# Thread: Simple puzzles to stump people

1. Originally Posted by The_Liquid_Laser
(The problem below assumes that when a woman gives birth there is an equal chance of the child being either a boy or a girl.)

My neighbor has two children. One of them is a boy. What is the probability that the other child is a girl?
Solution..
For combinations of 1st and 2nd child, we have
p(BB) = p(BG) = p(GB) = p(GG) = .25

those including boys have X = p(BB or BG or GB) = .75
and of those including girls Y = p(BG or GB) = .5,
and the probability is given by Y/X = 2/3.

2. Yes Santtu that is correct.

3. Originally Posted by athenian200
I really think only an IxTP could just accept logic like that without an inner struggle (that's their primary strength).
Well with doing few mathematical exercises, you could probably catch on fast. After a while, it's easy to recognize when some statement is given in the language of mathematics. Usually the whole situation is then completely described in the statement given and no outside influences are allowed, except for knowing how to calculate, of course.

It doesn't mean that mathematicians wouldn't care about the real life! It's just that it's impossible to transfer the whole world to the language of mathematics with all it's nuances. That's why the world is there, to be lived and experienced. Using mathematics, one is bound to consider only limited aspects of it an any one time, or the problem would be ill-defined. I believe that mathematicians are often extremely interested of the applied parts, i.e. where the theory meets the world. Sometimes some concepts are generated more for the mathematical community rather than for the public.

One analogy could be that of business-to-business sales and selling to consumers: both are needed.

In short, mathematics is for well-defined problems, but humans excel in ill-defined problems. There's also interesting mixes of the two such as recommendation systems, neural nets, pattern recognition etc.. the methods may be strict, but in the end, it's the human who judges how well a problem is really solved.

4. Originally Posted by The_Liquid_Laser
No the answer is not 1/2. I can assure you that the problem I'm presenting is not equivalent to the one you are describing with coin flips.
Even here, interpreting the problem statement is where a lot of the problem lies.

Some people may interpret the problem to mean that your neighbor is about to have a second child (a misinterpretation, but seems to be common), instead of already having two children.

I guess Santtu already posted the spoiler, but I have always been fascinated by how people make mistakes. It would have been interesting to see what other answers people came up with.

5. Originally Posted by ygolo
I guess Santtu already posted the spoiler,
Sorry, was the answer too visible? I tried to select a color that would blend into the background.

6. Originally Posted by Santtu
Sorry, was the answer too visible? I tried to select a color that would blend into the background.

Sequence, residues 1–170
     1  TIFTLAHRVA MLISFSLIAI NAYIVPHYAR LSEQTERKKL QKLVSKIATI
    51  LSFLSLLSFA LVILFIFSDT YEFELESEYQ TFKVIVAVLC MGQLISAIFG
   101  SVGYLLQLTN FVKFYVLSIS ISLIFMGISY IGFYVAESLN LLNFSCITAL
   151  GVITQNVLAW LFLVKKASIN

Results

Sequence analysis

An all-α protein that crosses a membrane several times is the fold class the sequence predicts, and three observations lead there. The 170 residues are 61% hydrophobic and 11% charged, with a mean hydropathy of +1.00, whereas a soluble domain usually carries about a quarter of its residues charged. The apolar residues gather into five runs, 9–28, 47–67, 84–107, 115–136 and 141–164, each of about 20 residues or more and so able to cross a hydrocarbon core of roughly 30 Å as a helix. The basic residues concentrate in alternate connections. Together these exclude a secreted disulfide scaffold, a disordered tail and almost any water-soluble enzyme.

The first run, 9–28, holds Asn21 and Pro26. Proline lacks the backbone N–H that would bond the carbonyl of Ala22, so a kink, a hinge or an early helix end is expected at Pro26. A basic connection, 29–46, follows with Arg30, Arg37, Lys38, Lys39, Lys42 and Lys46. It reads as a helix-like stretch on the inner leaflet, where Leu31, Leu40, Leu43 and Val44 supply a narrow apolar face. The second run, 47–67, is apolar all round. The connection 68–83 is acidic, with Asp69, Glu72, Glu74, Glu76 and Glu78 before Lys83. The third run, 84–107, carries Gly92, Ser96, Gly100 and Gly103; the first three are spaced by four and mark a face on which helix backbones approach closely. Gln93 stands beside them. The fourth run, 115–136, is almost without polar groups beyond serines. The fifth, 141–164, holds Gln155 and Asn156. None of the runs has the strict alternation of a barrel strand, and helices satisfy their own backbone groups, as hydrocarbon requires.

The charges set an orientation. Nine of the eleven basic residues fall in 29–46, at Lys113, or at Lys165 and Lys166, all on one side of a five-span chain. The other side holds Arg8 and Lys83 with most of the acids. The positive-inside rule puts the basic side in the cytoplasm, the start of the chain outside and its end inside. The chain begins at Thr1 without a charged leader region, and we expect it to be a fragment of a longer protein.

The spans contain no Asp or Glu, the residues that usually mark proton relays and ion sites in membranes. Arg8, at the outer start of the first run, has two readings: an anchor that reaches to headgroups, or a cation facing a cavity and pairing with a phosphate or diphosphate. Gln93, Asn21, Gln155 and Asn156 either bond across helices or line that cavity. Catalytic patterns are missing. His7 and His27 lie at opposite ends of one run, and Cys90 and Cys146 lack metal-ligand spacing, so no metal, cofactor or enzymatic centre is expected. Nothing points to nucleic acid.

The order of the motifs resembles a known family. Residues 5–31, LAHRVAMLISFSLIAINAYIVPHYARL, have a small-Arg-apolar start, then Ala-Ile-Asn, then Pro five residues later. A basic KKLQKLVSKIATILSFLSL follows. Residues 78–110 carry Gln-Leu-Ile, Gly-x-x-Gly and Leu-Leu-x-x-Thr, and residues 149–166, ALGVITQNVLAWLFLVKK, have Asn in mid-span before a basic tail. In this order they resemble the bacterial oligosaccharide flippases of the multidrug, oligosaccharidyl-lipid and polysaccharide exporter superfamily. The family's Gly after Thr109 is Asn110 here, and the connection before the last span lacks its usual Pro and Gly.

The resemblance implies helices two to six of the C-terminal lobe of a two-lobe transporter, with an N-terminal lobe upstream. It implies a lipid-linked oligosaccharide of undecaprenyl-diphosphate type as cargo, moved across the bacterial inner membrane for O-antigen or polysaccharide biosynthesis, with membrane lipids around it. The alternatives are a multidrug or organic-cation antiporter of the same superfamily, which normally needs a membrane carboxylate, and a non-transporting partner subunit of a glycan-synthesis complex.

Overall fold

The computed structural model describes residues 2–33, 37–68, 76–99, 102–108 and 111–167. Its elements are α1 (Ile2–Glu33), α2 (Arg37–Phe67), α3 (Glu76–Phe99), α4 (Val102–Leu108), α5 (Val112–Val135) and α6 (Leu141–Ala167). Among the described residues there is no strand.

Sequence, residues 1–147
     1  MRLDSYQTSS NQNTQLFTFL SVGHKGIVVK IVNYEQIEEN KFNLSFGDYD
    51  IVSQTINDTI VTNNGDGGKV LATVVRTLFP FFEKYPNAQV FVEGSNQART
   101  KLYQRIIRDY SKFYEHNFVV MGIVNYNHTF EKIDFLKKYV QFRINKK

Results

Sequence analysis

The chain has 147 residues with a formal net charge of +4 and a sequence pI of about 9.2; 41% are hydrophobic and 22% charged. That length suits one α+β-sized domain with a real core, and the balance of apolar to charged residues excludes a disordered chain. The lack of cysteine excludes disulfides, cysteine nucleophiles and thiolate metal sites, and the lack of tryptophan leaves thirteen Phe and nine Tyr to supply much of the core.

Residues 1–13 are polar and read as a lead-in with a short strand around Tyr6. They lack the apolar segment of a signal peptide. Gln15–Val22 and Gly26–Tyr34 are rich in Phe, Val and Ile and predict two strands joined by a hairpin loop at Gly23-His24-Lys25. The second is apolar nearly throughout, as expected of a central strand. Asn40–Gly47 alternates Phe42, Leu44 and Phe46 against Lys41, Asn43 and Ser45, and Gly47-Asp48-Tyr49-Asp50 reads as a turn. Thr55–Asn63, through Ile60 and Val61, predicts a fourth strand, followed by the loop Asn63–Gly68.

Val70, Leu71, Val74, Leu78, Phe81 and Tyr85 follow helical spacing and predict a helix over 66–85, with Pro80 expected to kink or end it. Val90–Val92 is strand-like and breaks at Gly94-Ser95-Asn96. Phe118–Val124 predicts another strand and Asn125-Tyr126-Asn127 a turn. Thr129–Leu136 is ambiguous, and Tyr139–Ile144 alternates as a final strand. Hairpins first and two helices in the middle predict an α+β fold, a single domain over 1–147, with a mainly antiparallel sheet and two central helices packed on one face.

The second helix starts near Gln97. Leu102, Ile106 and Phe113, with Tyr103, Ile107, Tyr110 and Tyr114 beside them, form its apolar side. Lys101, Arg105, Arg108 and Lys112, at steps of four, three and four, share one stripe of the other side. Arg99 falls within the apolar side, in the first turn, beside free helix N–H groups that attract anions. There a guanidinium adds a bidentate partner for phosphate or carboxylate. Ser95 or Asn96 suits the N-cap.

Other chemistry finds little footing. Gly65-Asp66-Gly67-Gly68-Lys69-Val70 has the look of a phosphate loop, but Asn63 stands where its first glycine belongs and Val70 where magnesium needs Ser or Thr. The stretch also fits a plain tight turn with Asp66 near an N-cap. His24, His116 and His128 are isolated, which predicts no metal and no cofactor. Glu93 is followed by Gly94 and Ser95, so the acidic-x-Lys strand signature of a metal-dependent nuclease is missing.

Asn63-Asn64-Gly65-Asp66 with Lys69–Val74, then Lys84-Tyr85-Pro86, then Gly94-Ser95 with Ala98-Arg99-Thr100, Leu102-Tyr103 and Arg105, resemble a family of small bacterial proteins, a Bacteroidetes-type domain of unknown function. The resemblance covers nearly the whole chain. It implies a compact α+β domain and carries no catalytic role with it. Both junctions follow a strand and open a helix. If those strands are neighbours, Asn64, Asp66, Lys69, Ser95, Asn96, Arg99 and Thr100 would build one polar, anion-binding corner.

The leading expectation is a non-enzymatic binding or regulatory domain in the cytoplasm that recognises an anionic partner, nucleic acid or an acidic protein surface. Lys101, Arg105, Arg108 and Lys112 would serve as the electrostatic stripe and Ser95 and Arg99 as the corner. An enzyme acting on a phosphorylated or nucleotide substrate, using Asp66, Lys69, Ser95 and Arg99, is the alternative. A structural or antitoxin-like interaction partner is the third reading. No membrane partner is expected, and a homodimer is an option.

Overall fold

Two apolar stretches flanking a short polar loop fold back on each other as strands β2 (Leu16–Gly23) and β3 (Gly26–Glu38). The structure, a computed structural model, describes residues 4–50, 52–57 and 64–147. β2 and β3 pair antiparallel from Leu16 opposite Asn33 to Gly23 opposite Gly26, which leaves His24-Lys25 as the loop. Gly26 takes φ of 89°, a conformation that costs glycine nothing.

I think it's fine. I personally find white harder to read, w/o highlighting.

7. Originally Posted by The_Liquid_Laser
No the answer is not 1/2. I can assure you that the problem I'm presenting is not equivalent to the one you are describing with coin flips.

8. Darn, I haven't gotten any of these right... I've only managed to make myself feel stupid. I must be the thickest person here. I just don't think this way, there's too many variables, and too many specific technicalities and rules that affect the answer that aren't immediately apparent. How do you manage to think like this? You'd have to be a rocket scientist.

9. Originally Posted by ygolo
Even here, interpreting the problem statement is where a lot of the problem lies.

Some people may interpret the problem to mean that your neighbor is about to have a second child (a misinterpretation, but seems to be common), instead of already having two children.

I guess Santtu already posted the spoiler, but I have always been fascinated by how people make mistakes. It would have been interesting to see what other answers people came up with.
This is what I said. "My neighbor has two children. One of them is a boy. What is the probability that the other child is a girl?"

I admit it's easy to misinterpret a problem the first time it is read, but I don't think the wording is unclear. Isn't it clear that the neighbor already has two children?

10. Originally Posted by athenian200
Darn, I haven't gotten any of these right... I've only managed to make myself feel stupid. I must be the thickest person here. I just don't think this way, there's too many variables, and too many specific technicalities and rules that affect the answer that aren't immediately apparent. How do you manage to think like this? You'd have to be a rocket scientist.
A lot of these problems have success rates of 1 in 10 or something, despite the initial appearance of being "simple".

I didn't get the Monty Hall problem the 1st time I saw it, either.

But the basic idea to understand is Conditional Probability.

Besides that the way to think about a probability problem is to imagine running a whole bunch of "experiments" of the problem statement in parallel, chosing the parameters according to known probability distributions.

I may post something more detailed after work (unless someone beats me to it) or if I have some down time. I've been really busy today.

#### Posting Permissions

• You may not post new threads
• You may not post replies
• You may not post attachments
• You may not edit your posts
•